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Remarkable survival of Russian space dogs who plummeted 125 miles to Earth when rocket malfunctioned then spent four days in -40C Siberian wilderness

Before man became brave enough to conquer space himself, canine cosmonauts were sent in our place.

It was a perilous job, with almost half of all dogs destined not to come home.

But two female strays employed in the Soviet space programme, Comet and Shutka, proved to be remarkable survivors.


Canine cosmonauts: Females Comet, left, and Shutka, right, survived a failed rocket launch in December, 1960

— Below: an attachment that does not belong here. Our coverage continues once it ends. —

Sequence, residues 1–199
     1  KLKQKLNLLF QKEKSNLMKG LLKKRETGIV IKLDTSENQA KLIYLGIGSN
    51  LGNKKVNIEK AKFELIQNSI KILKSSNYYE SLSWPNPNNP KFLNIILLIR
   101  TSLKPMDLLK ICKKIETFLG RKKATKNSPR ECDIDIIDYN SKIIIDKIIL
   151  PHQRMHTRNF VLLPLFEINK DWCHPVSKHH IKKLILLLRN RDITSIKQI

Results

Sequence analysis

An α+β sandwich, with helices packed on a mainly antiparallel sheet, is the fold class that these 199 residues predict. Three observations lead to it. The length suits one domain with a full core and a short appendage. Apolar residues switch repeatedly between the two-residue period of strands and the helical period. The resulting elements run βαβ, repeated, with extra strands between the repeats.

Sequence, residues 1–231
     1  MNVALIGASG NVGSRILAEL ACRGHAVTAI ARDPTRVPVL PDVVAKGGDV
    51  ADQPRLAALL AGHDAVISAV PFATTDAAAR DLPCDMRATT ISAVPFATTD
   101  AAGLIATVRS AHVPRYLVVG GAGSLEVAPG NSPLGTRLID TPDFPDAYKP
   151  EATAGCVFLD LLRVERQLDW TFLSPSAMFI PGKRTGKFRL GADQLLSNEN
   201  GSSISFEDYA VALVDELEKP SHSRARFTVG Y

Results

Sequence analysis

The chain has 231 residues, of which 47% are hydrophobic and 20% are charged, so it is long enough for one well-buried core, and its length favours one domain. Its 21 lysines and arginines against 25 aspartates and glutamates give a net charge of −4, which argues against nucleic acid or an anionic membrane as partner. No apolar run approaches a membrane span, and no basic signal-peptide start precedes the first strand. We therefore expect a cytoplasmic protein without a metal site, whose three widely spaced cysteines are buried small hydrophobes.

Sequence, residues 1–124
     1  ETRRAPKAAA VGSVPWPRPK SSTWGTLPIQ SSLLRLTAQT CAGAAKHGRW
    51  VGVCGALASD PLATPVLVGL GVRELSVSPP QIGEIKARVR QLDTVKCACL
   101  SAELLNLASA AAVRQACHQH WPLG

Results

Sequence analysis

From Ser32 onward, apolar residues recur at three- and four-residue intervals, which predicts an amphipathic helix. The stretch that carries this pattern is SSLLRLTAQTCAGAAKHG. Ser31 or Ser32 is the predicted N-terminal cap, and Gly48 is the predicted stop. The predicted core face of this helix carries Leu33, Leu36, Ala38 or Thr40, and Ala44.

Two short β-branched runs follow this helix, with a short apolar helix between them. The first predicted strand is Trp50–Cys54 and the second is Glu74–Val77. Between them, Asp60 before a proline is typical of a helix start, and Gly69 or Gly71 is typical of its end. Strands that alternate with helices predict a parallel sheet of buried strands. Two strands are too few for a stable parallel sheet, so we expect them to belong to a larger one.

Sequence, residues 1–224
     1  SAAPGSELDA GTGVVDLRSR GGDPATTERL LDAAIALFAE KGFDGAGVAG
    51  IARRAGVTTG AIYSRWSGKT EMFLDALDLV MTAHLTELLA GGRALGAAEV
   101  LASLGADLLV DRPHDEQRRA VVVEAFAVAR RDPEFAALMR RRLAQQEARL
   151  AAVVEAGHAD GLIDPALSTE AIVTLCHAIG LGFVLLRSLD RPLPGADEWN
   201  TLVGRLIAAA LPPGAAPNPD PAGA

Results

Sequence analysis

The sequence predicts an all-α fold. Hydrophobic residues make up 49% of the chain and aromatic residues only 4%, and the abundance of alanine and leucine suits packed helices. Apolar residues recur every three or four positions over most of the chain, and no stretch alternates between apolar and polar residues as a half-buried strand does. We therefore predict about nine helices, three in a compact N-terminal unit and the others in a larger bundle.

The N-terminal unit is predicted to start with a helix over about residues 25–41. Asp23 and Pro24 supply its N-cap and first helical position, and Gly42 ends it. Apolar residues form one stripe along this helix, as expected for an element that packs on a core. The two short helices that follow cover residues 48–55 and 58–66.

During a mission, the pair plummeted 125 miles to Earth after their rocket malfunctioned and remained trapped inside for four days in the Siberian wilderness.

To the astonishment of the Soviet authorities, they were found alive.

Their incredible story, as reported by The Siberian Times, has only just emerged after being kept secret for more than 50 years.

On December 22, 1960, the space dogs - who had been picked after surviving a rough life on the streets - were launched from Baikonur Cosmodrome on board a Vostok 1K spacecraft.

It was Comet's third space flight, having twice been sent into orbit the previous year.

But this launch would prove to be disastrous.

The rocket failed to reach orbit after suffering a malfunction in the third stage of the rocket.

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